The home of the Cartophilic Society of Great Britain

July 17


 Now this week we are having a bit of a make over, hope you like it?

 Remember if you have any comments or suggestions, just get in touch. We are also experimenting with a different type style, which is a bit larger, and hopefully easier to read. We have also enlarged the pictures, not always successfully as some light ink is very hard to read, and darkening it only serves to make it blurry. And we have aimed to be more concise, but not to shorten it – rather so we can squeeze more in !


PictureWell our whistle stop tour through next week starts with this jockey, Herbert E Jones. He died on July 17, 1951, and he is remembered for not only winning the Derby twice (not him, running, of course), but also on two different horses, “Diamond Jubilee” in 1900 and “Minoru” in 1909. However he played a bigger part in racing history than that, as on 4 June 1913 he was the jockey whose horse, King George V’s “Anmer” struck the suffragette Emily Davison. He received a concussion, and hurt his arm, she died four days later in hospital. There is a really fascinating article on her at and it includes the fact that she, and her mother, had practised trying to catch horses in motion before the event, something I had not heard before. In the interest of keeping this short and hopefully sweet, you can see five cigarette card portraits of H. Jones at    By the way, I don’t know what the two very unusual cards with playing card insets are, or why the second shows him in blue silks and cites Col. W Hall Walker. Unless this was after the death of the King, and Minoru reverted to the ownership of Col. Walker? ZJ3-48 is cited on this page, but I can’t find that code…. You can see two  cards of Diamond Jubilee HERE – note the left oval on the Smith`s card is titled “Prince of Wales”, and also what the reverse tells us about the temperament of Diamond Jubilee) – and two of Minoru HERE – note that on this Smith card the left oval is titled “King Edward VII”. The reverse tells us that Minoru was only leased, from the M.P. for Widnes, Colonel Hall Walker; a very interesting person, responsible for starting both The National Stud and the Irish National Stud, and whose father was the “Walker” of the Walker Art Gallery, Liverpool. In 1919 he resigned as an M.P. and became Baron Wavertree. His wife is also famous as she donated a trophy for lawn tennis, which later became the Davis Cup. (P246-750 Pattreiouex “Sporting Events & Stars” (1935) 42/50). And here is something else I bet you didn’t know – remember the game “Escalado” with the hand cranked racing surface and lead horses, invented and patented by Arthur Gueydan in 1928 – now take a look at a boardgame site we discovered whilst researching :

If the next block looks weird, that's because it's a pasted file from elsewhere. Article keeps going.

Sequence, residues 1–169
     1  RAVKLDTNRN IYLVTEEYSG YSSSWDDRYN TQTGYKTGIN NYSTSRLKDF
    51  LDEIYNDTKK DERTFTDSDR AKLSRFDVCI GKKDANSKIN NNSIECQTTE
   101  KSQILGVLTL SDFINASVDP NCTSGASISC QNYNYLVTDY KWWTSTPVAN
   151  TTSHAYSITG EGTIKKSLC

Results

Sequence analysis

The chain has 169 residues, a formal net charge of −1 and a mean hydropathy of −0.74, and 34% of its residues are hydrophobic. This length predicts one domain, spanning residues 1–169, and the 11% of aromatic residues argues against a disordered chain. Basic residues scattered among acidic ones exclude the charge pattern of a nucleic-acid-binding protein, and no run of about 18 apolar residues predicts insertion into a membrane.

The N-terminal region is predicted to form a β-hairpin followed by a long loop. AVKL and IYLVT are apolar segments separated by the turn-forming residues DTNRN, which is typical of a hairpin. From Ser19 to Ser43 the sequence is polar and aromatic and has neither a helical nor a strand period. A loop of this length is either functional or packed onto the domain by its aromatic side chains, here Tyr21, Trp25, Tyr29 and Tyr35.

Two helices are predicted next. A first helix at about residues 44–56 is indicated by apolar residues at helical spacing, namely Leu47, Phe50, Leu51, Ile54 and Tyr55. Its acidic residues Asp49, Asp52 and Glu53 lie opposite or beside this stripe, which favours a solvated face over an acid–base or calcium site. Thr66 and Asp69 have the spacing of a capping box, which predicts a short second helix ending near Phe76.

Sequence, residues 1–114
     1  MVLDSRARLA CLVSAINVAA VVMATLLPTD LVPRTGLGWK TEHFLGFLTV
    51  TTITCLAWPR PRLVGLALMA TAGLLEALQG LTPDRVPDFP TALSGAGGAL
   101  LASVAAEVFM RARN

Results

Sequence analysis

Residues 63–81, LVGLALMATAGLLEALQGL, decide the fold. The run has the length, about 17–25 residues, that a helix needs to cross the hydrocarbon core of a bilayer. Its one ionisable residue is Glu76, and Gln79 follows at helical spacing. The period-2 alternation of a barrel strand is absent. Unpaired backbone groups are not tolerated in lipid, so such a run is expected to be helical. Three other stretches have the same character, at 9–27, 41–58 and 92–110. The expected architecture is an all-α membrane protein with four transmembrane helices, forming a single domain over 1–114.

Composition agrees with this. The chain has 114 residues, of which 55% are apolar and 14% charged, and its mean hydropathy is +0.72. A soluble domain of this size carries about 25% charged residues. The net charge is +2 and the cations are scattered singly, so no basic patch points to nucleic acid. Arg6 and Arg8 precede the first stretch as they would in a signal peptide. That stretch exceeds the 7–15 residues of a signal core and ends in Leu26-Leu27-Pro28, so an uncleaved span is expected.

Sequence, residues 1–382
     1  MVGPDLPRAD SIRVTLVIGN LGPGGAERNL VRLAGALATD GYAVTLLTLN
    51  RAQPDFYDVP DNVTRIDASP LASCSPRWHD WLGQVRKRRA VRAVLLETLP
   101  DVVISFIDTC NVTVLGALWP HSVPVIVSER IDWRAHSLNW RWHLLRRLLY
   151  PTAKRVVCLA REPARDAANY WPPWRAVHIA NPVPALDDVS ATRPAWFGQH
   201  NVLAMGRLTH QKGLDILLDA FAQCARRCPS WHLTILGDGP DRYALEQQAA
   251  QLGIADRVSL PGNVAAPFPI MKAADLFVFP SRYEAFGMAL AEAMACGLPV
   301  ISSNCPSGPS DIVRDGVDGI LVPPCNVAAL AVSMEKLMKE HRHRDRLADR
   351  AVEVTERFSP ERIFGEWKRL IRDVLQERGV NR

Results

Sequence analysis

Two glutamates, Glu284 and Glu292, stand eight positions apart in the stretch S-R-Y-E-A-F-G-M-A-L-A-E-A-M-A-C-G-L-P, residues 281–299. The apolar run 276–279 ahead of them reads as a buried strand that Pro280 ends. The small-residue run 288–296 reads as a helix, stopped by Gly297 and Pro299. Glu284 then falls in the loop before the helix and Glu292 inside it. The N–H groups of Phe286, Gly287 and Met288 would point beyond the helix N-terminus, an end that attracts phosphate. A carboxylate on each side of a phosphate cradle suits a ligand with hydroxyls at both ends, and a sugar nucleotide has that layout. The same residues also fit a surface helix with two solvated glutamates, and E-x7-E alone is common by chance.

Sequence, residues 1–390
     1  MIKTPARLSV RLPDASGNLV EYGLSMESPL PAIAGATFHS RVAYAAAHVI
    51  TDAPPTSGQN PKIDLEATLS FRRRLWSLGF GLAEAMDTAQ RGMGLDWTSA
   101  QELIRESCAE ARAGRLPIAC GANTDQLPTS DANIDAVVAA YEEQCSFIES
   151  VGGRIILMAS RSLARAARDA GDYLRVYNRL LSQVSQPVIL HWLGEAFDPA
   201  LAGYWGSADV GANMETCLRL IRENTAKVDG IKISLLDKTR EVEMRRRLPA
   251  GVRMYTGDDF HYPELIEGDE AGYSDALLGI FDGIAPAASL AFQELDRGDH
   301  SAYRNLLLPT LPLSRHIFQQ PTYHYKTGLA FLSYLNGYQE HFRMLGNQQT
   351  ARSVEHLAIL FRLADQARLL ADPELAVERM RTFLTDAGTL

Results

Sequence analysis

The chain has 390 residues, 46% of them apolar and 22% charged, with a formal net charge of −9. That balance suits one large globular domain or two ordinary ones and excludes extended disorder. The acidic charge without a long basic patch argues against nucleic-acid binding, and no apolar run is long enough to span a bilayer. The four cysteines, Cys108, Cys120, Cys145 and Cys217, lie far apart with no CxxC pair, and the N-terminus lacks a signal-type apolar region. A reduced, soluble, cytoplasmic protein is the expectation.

By the way our card is P644-184.1 John Player “Derby & Grand National Winners” (April 1933) 2/50 – the set was also produced as a transfer version (P644-184.2). Diamond Jubilee does not appear in this set.

PictureOn July 18 let us shift gears to a different sort of horse power as it will be the British Grand Prix at Silverstone. You can read all about that at – but what you may not know that the site was an RAF base during the Second World War, though quite late, it only opened in March 1943, becoming operational the following month. It is sometimes quoted that it was a bomber station, but it was actually mainly in an instructional capacity, though aeroplanes from there did bomb France, with propaganda papers. If you look at the track, even today, it is hard to disguise the runways that bisect the field. The base was sold in 1947, and the following year saw the first Grand Prix, under the stewardship of the Royal Automobile Club; in fact they used the “X” of those runways and did sharpish turns just before the crossing point. This was not very successful, so when the British Grand Prix started in 1949 they changed the course and used only the peri track; the runways have never been used again. Jim Clark, Alain Prost, and Lewis Hamilton have all won the British Grand Prix five times. We show you Jim Clark, from a very unusual set that I know nothing about and cannot track down. Anyone out there know more about Epic Cards? Do let us know.